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Fort McMurray Career Centre

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The Interview - Part One: Navigating The Phone Interview


Congratulations! You read, tore out, highlighted, circled, underlined, stuck-to-the-fridge and embodied the “Six Resume Rules” from our February 2013 issue. Now all that hard work of re-reading job listings, re-writing sentences and double-checking your spelling has paid off - you’ve landed a job interview! Hey Fort McMurray, look out, we got us a Mover and Shaker here!

But wait a second, we hear you say, you’re not sure what to do now? They want to interview you over the phone - you’re anxious, nervous and (according to our thesaurus) skittish - you want to make a great first impression and you want that face-to-face interview? All right, sounds good to us. Let Your McMurray Team give you some help with “The Interview, Part One: Navigating The Phone Interview”.


For prospective employers, the phone interview is a tool to separate the weaker candidates from the more qualified candidates. Face-to-face interviews are time and money, and only those candidates with a greater chance for success will be offered an in-person interview. Here are 10 tips to helping you nail your phone interview.

{slider=1. Do Your Homework.}

In today’s age of Google, Bing and Yahoo!, it takes roughly 0.18 seconds to get back search results on your company of choice. Take at least 30 minutes to do some background research on the organization. Remember, a lot of the major employers in our region issue annual reports. These freely available reports are full of amazing information and are well worth the read. When you can effectively and easily answer questions about the company, you’ll be grateful you took the extra time to study.


{slider=2. Why Do You Want To Work Here and Other Questions You Need To Be Prepared For.}

The Internet is a wonderful tool - search for the phrase “Top 10 phone interview questions”. Read at least five of the search results and then take the time to think your answers through. Write your answers down, and even practice saying them out loud - the first time you say them aloud should not be during the interview! If you want, have some cheat sheets in front of you during the interview, but just don’t sound like you’re reading a script!


{slider=3. Get Proper Sleep the Night Before.}

Getting a proper round of ZZZZs the night before is a great way to properly prepare. Good sleep has many benefits, some of which are: making better decisions, increasing your mood, allowing for better concentration and allowing for better memory. How could being better at any of those things be a bad thing during a job interview?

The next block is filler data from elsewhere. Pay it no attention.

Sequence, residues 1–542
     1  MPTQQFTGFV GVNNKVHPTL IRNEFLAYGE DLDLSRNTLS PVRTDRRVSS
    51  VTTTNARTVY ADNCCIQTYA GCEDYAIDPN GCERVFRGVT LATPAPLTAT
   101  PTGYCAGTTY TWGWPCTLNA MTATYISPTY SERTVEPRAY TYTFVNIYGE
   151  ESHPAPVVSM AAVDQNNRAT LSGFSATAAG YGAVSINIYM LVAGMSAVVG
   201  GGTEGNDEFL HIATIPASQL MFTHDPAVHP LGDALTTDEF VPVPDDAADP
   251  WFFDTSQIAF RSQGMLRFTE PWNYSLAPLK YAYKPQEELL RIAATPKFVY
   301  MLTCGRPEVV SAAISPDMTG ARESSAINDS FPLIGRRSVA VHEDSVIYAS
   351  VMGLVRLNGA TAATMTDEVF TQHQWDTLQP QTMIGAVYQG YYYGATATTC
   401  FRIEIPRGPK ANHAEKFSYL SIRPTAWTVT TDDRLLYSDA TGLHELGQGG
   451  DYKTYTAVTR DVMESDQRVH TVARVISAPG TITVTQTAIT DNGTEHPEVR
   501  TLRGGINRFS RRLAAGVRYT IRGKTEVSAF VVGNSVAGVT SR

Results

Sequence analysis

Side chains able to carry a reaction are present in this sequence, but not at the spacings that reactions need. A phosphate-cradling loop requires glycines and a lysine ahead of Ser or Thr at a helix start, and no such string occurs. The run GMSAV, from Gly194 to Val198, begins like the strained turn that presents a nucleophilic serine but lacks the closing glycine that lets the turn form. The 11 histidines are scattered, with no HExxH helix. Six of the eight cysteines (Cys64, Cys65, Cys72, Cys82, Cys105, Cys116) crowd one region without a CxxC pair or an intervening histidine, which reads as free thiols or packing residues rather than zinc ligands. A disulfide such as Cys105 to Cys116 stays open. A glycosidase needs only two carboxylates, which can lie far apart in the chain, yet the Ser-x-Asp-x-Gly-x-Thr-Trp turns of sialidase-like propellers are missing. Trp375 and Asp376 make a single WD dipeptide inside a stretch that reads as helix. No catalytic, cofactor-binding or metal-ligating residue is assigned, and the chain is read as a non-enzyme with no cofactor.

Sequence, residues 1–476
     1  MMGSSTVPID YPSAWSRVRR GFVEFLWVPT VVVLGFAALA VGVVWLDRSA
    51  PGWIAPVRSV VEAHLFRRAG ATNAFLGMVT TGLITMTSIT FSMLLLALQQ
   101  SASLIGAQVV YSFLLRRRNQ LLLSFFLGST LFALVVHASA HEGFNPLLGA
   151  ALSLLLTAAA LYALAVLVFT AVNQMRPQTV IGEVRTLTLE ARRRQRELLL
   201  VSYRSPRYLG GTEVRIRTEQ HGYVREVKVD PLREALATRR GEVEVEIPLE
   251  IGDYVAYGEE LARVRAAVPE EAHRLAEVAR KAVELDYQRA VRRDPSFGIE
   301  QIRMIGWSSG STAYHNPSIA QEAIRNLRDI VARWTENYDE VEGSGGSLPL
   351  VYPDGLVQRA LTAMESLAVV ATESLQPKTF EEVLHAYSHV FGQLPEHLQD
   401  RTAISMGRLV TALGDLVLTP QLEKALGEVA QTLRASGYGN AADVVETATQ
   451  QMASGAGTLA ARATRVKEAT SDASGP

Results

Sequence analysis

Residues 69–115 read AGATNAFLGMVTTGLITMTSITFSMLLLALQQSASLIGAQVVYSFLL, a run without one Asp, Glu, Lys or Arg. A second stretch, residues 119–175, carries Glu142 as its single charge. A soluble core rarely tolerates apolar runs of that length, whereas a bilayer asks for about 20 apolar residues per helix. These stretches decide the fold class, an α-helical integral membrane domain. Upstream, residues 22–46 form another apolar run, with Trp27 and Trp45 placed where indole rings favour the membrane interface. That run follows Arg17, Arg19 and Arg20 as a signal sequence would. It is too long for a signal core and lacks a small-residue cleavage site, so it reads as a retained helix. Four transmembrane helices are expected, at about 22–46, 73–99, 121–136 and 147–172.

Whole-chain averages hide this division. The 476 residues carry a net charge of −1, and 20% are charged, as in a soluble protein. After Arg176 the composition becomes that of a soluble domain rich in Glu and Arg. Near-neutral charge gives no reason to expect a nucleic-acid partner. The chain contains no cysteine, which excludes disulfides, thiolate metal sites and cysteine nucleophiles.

{slider=4. Dress For Success.}

Yes, you may very well be sitting at your kitchen table, but avoid the temptation to stay in your jammies and Oilers slippers during the call. Dress as if you were going for a face-to-face interview. It may seem odd, but it will help to put you in the right frame of mind if you’re properly and professionally dressed. Trust us.


{slider=5. Do Not Call From The Cafeteria.}

Ensure the room or environment is quiet, comfortable and free from distractions. You certainly don’t need any shiny objects or loud noises to take your attention away from answering questions, and the interviewer definitely needs to be able to clearly hear you and how amazing you truly are.


{slider=6. Be Early.}

You don’t need to be madly rushing around minutes before the call - be ready for the phone call 15 minutes before the scheduled time. Take those extra minutes to relax and calm yourself. You’re worth it.


{slider=7. Smile.}

Yes, during your phone interview, make sure you smile. It is an amazingly effective and simple trick to help bring warmth to your voice over the phone. It’s thought that greater than 50% of communication is non-verbal (a.k.a. body language) and you don’t have that luxury over the phone. The more you can shine through with your voice (by smiling, speaking clearly and slowly) you can appear like a better candidate.


{slider=8. Actively Listen. Actively Think.}

Really listen to the questions being asked of you, and take the time to think your answers through. No one is going to fault you for taking an extra three-to-five seconds before delivering a great answer.


{slider=9. What Questions Do You Have For Them?>

Have a handful of questions handy that you’d like the company to answer. If none of them have been answered during the interview, choose your top two to ask when you’re asked, “Do you have any questions for us?” Asking questions shows the interviewer that you are an engaged and eager candidate.


{slider=10. Thank Your Interviewer.}

At the beginning of the interview, make sure you note down who is interviewing you. At the end, make sure to thank them by name and thank them for their time. It is a nice touch and is an effective way to close down the interview.


Next issue?

The Interview, Part Two: The Face-To-Face Job Interview.

You Asked, We Answered!

Q: Just finished going through your Winter 2013 publication. Your article on resumes getting you the interview was interesting, however mine follows your format but still not getting responses. My question to you is - is there a company in town that does resumes? Whether there is a charge or not makes no difference to me. Many thanks for your assistance with this. - Ursula H

A: As far as we’re aware, there are no professional resume/cover letter services in Fort McMurray. But there are many web-based services that might be of service. One such example is Good luck!

Have a job hunting or human resources question? Email YMM at and we might print both your question and our answer in a future issue.